Kerala also represents this trend. All those who did not want the BJP to come back at the Centre rejected the Left decisively. They did not think that the Left could play any role in forming a central government.
Opposition parties failed to make use of the weaknesses of the first Modi-led government. Modi overcame it by shifting focus to the issue of nationalism. Economy doesn’t seem to be an issue, neither does unemployment. We have not changed much from 2014. One can only see if Modi 2 will be any different. Will Modi be receptive to criticism? It will depend on how assertive BJP’s allies are.
Prof Apoorvanand Jha, Political Commentator
Call it ultra-nationalism or majoritarianism, such politics has certainly won. Majoritarianism has won. We can see that barring Kerala and Tamil Nadu, all the states are in the grip of this phenomenon.
People like me, and many others, believed that we would be able to save the diversity and complexity of this country from majoritarianism. Now that confidence lies shattered. Once majoritarian politics enters, it demolishes everything.
I am not sure what kind of fight could have stopped this phenomenon. I don’t know how one can counter majoritarianism.
Apsara Reddy, National General Secretary, All India Mahila Congress
It’s a day for us to introspect on how India voted. A divisionary ideology triumphed over a visionary ideology. The sensational and insensitive narratives too got far more prime time than a fair scheme like the NYAY.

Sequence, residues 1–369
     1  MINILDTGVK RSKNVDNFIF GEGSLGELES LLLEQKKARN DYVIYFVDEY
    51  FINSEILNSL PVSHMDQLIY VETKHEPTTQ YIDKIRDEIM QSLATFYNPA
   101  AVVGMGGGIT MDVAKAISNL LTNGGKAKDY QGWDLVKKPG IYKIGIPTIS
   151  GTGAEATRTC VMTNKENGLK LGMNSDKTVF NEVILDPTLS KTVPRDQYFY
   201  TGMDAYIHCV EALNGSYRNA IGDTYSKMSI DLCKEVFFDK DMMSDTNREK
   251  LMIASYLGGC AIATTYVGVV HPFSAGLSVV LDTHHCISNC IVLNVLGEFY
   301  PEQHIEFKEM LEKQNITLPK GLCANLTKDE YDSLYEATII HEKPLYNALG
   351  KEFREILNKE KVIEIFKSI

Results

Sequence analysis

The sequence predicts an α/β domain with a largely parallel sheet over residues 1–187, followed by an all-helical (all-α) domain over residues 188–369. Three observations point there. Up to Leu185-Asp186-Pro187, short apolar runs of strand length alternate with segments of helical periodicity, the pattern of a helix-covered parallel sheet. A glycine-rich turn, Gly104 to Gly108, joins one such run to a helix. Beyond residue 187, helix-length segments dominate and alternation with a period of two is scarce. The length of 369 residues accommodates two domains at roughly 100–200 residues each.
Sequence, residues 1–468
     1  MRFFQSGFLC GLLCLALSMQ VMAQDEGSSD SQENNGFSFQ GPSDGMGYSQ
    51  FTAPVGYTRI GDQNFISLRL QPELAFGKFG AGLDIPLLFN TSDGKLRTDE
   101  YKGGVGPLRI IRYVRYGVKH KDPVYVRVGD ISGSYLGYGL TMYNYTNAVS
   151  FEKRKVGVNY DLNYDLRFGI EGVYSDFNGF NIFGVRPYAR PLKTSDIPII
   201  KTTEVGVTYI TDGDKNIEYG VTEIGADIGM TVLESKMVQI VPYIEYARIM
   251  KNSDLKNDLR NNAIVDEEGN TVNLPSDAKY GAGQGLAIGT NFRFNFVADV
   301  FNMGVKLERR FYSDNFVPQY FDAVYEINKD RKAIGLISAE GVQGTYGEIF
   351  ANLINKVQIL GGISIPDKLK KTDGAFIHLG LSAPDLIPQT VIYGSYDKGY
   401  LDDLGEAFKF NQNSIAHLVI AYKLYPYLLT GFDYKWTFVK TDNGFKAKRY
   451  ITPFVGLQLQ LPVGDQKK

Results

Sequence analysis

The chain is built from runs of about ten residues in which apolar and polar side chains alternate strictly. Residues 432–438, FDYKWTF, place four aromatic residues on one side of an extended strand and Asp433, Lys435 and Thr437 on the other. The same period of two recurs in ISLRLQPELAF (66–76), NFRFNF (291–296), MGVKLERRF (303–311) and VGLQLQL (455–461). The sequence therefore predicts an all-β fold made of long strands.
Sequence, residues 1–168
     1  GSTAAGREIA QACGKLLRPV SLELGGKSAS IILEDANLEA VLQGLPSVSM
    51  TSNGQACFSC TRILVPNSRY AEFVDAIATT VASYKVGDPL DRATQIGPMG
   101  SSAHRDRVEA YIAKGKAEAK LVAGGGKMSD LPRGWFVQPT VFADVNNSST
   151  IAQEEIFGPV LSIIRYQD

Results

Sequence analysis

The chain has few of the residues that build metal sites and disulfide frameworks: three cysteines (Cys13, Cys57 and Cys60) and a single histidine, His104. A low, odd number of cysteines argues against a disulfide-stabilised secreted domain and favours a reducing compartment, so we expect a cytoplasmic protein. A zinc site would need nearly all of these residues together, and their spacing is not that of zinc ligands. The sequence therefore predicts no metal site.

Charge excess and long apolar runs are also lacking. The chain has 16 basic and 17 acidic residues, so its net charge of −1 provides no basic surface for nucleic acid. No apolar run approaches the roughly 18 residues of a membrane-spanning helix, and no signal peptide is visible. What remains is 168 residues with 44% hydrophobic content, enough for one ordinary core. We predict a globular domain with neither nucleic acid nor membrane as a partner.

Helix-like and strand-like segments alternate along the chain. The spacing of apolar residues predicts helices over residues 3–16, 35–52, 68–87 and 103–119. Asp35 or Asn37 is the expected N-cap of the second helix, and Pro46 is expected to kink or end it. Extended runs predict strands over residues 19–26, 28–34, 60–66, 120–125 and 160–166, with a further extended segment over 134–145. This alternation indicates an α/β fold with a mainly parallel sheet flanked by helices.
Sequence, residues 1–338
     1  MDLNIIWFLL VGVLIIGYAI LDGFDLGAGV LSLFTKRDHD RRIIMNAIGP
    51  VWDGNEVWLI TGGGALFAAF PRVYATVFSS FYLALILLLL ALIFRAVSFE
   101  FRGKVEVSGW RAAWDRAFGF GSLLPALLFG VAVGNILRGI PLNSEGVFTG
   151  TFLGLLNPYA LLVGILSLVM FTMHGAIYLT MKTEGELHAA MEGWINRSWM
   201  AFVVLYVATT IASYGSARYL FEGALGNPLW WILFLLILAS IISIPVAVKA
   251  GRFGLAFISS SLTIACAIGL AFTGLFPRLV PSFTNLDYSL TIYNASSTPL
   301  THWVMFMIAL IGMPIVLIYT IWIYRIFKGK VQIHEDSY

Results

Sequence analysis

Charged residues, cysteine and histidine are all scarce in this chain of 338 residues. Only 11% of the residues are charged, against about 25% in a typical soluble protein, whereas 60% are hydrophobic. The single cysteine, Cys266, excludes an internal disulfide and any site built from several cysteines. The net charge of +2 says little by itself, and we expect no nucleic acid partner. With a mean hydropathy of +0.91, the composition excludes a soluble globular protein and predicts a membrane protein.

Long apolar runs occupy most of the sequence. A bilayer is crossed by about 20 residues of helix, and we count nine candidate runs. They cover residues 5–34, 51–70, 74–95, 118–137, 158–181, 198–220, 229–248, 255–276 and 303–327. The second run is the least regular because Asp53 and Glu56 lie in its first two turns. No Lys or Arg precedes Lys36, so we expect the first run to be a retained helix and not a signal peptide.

For us, as a country, it’s a tide of sorts. We have begun to vote for issues that perhaps override unemployment, economy and women’s safety. The surge of the nationalist voter is clearly seen in the victory of those like Pragya Thakur. India’s young voter is patriotic and BJP has appealed to that sentiment successfully.
The BJP strategy, coupled with unbridled attempts to deviate from burning issues, worked for them. As a strategy, their bravado and hoodwinking key issues worked. Besides, the national security narrative, selectively presented, cut ice as opposed to the fair play and sensitivity displayed by Rahul Gandhi ji.
Some of the key states for us where we expected better numbers we must look deeply and introspect about the choices we made and chances we took. I am sure this will only enthuse the Congress worker to continue to raise their voices for the oppressed and the sidelined.
I hope in this tenure, the BJP will not allow the free fall of credible institutions by mismanagement. This is surely a moment of awakening for all of us. Bring on the next 5 years.
Praveen Rai, Political Analyst, Centre for Study of Developing Societies (CSDS)